Slow Cooked Pulled Spring Shoulder of Lamb

We’ve taken our seats outside, the stage is set and what’s this emerging stage left?

It’s Spring! Tap dancing in, sprinkling offerings of brighter colours, longer days, beaming sunshine and great seasonal produce.

If you’re looking for inspiration on spring recipes this Easter, I’ve got a great pulled lamb shoulder recipe to share with you. And of course, what about the wine?

One of the best pairings for spring lamb is traditionally a Pinot Noir.

This grape tends to come with a high acidity and a burst of bright red fruits.

This is the perfect foil for the earthy richness of lamb as the acidity and fruit helps to cut through the dish.

You could go with a nice French Burgundy or a New Zealand Pinot Noir, but I have chosen one from Victoria in Australia called Are You Game?

This wine delivers a basket of cherries & strawberries on the nose and palate and also offers a slight earthy flavour that really complements the lamb. It also pairs superbly with duck breast.

As we’re still not quite at the point of having the family over - this dish is great for just two. But if you are making the most of the new rules, you could add some yogurt and salad and use the leftovers to offer Greek style wraps to your garden guests.

Slow Cooked Pulled Spring Shoulder of Lamb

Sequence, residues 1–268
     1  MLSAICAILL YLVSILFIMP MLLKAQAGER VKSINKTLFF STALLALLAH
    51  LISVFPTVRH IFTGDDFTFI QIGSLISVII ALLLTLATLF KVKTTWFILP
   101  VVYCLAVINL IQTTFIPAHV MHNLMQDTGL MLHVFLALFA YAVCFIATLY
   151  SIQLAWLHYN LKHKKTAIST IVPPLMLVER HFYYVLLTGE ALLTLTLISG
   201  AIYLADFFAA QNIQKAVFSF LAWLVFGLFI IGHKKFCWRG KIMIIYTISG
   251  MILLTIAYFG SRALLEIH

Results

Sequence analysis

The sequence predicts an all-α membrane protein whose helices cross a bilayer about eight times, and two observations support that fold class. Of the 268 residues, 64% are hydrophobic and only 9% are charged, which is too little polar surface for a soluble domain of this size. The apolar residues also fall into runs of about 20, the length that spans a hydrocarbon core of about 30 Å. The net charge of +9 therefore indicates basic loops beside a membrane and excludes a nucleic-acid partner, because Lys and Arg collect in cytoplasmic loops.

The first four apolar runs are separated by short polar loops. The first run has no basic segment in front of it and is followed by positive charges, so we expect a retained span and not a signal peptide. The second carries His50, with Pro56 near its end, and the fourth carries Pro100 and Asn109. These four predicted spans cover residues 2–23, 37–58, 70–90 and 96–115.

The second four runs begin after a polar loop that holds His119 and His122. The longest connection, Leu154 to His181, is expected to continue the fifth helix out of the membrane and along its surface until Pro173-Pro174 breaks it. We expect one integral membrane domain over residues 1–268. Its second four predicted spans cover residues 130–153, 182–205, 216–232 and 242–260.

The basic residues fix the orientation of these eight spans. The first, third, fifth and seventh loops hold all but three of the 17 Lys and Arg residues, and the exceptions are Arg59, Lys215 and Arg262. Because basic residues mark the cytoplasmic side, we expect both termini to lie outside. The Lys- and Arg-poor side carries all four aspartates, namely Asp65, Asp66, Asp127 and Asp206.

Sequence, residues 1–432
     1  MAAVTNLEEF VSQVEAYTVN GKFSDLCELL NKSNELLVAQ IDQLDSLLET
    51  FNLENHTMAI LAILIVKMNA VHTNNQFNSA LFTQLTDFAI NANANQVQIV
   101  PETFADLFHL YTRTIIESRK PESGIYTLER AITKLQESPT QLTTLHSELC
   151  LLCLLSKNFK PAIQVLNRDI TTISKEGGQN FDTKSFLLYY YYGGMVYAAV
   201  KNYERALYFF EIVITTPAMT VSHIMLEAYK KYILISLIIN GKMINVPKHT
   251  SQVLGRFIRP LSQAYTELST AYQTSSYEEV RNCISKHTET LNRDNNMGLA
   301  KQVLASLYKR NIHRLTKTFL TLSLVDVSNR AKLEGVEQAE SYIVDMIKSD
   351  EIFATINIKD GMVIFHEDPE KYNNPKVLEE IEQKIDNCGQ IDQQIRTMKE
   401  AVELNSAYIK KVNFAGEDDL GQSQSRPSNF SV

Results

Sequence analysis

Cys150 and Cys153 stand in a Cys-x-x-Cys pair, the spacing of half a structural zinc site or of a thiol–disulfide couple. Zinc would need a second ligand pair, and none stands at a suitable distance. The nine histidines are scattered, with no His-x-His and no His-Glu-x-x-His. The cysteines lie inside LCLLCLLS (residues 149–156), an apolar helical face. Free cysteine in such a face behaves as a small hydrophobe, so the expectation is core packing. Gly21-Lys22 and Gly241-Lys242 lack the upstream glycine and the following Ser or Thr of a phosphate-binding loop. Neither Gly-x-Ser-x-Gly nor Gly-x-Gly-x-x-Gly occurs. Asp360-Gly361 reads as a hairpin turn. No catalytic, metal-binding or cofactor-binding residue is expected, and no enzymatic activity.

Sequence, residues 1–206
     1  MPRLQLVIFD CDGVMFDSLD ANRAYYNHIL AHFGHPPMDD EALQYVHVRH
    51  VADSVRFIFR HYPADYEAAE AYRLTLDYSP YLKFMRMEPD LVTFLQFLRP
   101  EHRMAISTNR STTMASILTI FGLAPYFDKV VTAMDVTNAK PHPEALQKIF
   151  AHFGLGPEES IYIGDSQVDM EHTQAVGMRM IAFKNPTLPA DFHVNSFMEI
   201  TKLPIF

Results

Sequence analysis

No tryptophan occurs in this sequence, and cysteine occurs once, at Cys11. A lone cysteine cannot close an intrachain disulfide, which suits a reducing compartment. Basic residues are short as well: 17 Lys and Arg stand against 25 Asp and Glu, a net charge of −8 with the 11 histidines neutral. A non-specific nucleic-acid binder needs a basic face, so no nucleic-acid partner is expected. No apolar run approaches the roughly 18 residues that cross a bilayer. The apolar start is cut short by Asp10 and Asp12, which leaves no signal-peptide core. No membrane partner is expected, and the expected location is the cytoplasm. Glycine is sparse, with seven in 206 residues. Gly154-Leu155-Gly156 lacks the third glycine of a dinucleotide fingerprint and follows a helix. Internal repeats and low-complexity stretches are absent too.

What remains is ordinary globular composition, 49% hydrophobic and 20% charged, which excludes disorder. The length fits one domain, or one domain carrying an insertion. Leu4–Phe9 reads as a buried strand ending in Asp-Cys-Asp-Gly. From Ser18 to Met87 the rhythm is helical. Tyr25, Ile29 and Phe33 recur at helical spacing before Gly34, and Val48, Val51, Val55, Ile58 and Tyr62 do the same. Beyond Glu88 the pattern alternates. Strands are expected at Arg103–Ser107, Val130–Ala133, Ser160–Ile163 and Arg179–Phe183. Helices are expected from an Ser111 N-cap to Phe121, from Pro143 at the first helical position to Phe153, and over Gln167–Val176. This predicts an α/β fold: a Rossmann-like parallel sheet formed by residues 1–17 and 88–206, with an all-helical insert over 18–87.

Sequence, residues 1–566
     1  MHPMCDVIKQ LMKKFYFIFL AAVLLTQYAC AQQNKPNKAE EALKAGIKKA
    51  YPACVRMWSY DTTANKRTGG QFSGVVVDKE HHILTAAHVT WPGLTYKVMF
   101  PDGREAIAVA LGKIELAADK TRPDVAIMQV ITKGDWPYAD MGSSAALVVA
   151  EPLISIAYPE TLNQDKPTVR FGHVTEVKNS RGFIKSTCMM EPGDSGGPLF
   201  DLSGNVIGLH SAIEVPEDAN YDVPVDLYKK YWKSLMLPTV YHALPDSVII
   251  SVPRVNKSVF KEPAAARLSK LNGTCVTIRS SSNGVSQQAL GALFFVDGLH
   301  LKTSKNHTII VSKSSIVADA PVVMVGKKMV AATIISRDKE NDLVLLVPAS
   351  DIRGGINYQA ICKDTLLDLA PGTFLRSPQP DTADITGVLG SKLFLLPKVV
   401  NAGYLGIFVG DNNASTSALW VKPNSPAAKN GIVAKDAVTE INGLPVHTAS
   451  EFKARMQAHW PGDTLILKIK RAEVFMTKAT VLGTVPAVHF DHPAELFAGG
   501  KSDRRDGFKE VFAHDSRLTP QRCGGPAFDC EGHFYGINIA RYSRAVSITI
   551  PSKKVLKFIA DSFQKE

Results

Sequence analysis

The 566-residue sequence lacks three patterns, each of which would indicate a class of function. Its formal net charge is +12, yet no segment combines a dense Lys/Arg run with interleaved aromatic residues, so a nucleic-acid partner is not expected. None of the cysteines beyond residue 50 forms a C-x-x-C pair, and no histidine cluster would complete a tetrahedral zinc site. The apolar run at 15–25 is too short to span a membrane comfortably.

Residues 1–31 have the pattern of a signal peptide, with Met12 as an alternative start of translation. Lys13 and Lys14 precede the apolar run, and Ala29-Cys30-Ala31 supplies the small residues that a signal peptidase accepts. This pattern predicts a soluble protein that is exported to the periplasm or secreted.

2kg shoulder of lamb with bone left in

2 large onions thickly sliced

4 garlic cloves

4 sprigs fresh rosemary

Small handful of thyme

1 lemon finely grated zest and juice

500ml lamb stock

2 tbsp plain flour

150ml white wine

1 tbsp redcurrant jelly

2 tbsp olive oil


1. Preheat your oven to 170°C gas mark 3.

2. Chop your herbs and mix with the lemon juice, garlic & olive oil. Make tiny little cuts all over the shoulder and then rub in your herb mix.

Tip: If you have time, leave this to marinade for an hour or more.

3. Lay the onions in the base of a high-sided roasting tin that just fits the lamb. Place the lamb on top. Pour 500ml of boiling water around the lamb.

4. Cover tin with foil and cook for 5 hours. Every now and again check that the tin isn’t dry and add more water if needed.

5. Move the lamb to a board, cover with foil and leave to rest for 30 minutes to an hour.

For the gravy

6. Turn oven up to 200°C mark

7. Skim the fat from the tin and stir in the flour. Make sure to scrape up any sticky brown bits from base of tin – that’s the good stuff! Gradually stir in wine and return to oven for 10 minutes until thickened and bubbling. Carefully stir in stock, redcurrant jelly and some seasoning.

8. Return to the oven and reduce for about 15 minutes until thickened to your liking. Check your seasoning and strain through a fine sieve into a pan.

9. Shred the lamb with two forks and pile onto your plate!

Voila! Enjoy with seasonal veg and some roasties or sweet potatoes. And don’t forget the Pinot!

Let me know how you get on!

Send me an email to and tell me all about it!